Similar to other stories of war this movie dispatches the significance of camaraderie, unity, loyalty, and above all service and love of country. However, the stark difference in this tale is two-fold. First, this film chronicles the experiences of black American servicemen in Vietnam, whose descriptions in real life were habitually under-reported, despite the large role they played in the annals. Second, this narrative takes direct aim at the conundrum faced by young black soldiers who realize that the same nation they are willing to sacrifice and die for, do not value them or their lives. This rings true in this movie loud and clear when the five main screen warriors, while in the fierce throes of battle, learn of the assignation of Dr. Martin Luther King Jr. (1968). Factually speaking it is no secret that African Americans were disproportionately summoned to the most dangerous duty on the front-lines during the Vietnam War and as a result had excessively higher rates of casualties. African Americans were also much less likely to have the contacts/means to avoid being drafted or sidestepping hazardous missions like their white counterparts. An issue civil-rights leaders protested, with some gains in reform that (later) slightly reduced such disparity in conflict. Though, regardless of the progress made, it cannot be overlooked that ironically the most oppressed American comrades were sent in full force to fight a war against equally oppressed people. That said, no matter how you slice it war is awful but there are lessons to gain from it too. As writings on the Duality of War underscore; “War is the most destructive and pitiless of all human activities. And yet the experience of war has a profound and strangely compelling effect on those who fight. Combat kills, maims, and terrifies, but it can also reveal the power of brotherhood and a selfless sense of purpose. It’s an experience that changes soldiers, and those changes last a lifetime.” So true.
Lee incorporates many of these elements of war into this film while using a great deal of political and personal allegory. Even the vernacular in the movie’s title Da 5 Bloodsis loaded with significance. For example, the word Da in Vietnamese means Skin. The number 5 denotes humanity, and is fraught with endless substance. To elaborate, humans have five fingers, five toes, five senses, five major body systems (digestive, circulatory, nervous, respiratory, and muscular) and five appendages (two arms, two legs, one head) with the brain in control. Mystically speaking, the number 5 is associated with positive change, balance, health, independence, and adventure; taking a journey (mental/physical/spiritual) that includes expressing gratitude for the world and people around you while needing to pay attention to what you see, hear, touch, smell and feel. Lastly, the word Bloods is a well-known acronym for “Brotherly Love Overcomes Overrides and Destruction” a.k.a. blood-brothers. Also, Lee’s flashback method with the servicemen appearing as aged (not youthful as they were when the combative events actually happened), signifies that memories stick for life (good or bad) and are seared into the brain for eternity. It’s true that no matter how many years pass people carry their recollections (pleasant and painful) forever. NOTE: Distressing traumas can be resolved by learning new coping skills to help overcome symptoms, including Post-Traumatic Stress Disorder (PTSD). On this point, as so prominently echoed in this film’s fabulous soundtrack, we don’t always know ‘What’s Going On’ (Marvin Gaye) and we don’t always have power over life’s events. But how we view our experiences belongs to us, and us alone, which reminds me of a famous quote by Viktor Frankl, “…everything can be taken from a man but one thing: the last of the human freedoms – to choose one’s attitude in any given set of circumstances, to choose one’s own way.“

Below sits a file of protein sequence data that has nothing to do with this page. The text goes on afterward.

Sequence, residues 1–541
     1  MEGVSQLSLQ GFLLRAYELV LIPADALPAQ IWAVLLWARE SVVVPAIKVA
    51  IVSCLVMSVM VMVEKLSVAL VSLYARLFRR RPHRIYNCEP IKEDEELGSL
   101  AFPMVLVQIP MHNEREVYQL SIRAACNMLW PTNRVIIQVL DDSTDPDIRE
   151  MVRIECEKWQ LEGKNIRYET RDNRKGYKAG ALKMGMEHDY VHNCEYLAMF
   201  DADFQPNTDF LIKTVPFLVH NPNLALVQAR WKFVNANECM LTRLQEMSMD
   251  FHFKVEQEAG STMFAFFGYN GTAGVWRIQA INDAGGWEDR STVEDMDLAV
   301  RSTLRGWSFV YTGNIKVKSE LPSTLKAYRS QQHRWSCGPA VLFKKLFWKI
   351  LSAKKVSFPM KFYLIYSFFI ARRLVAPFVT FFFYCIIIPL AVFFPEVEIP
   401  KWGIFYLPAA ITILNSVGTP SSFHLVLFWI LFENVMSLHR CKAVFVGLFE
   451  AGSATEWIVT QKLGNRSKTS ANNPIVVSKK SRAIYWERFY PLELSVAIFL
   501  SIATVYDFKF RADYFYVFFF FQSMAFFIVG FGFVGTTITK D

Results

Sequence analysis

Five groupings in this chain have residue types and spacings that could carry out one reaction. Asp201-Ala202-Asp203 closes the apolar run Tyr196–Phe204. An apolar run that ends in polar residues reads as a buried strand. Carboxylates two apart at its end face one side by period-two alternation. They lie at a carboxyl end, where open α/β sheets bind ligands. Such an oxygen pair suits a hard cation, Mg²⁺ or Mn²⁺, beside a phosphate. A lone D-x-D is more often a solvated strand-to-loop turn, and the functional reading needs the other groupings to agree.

With so much intended meaning and symbolism embedded in this flick what is the main take-away message you ask? Some might say self-forgiveness. After all, internal wars will continue to rage until we accept ourselves, transgressions and all; only then will inner peace be attained. Others might say the moral of this story fixates on the deadly game of greed and chasing imperialist beliefs; the desire for the all mighty dollar and dirty money that can only be washed clean by using it for good (e.g. donations to blacklivesmatter.com) as highlighted at the movie’s end. Then of course there is also the blatant implications of selflessness, and racism plainly laid out and strewn throughout this film.
Any of these paradigms would be a good guess, but in my opinion the calculated lesson this movie imparts is about reverence and respect and honoring people for what matters – who they are on the inside. This movie exemplifies how American culture has historically devalued and wrongfully categorized certain citizens into ill-conceived groups of a lesser ilk. These past stains of subjugation and persecution have long been drenched into the fabric of the country and sadly still remain today. Watching the daily news is evidence enough of how said principled battles continue via the perilous quest for fairness and equilibrium through the Black Lives Matter Movement, which the OHF proudly supports. Consecration vs. Contempt – It’s difficult to comprehend the origins of discrimination, especially since our world is enhanced so much by individual differences, not diminished. As the exceptional book Man’s Search for Meaning states, you don’t have to look far to witness that “human kindness can be found in all groups, even those which as a whole it would be easy to condemn” – Viktor Frankl. It’s sad that we need to remind people that none of us have control over our skin color (or our birth parents for that matter) – it’s all predetermined before we are born. Therefore, judging anyone based on this premise is absolutely futile and senseless. Anything less than showing and feeling true appreciation for all human life is beyond unacceptable. It’s just mind-boggling how such repressing tyranny is/was ever allowed or tolerated in the first place. But no more.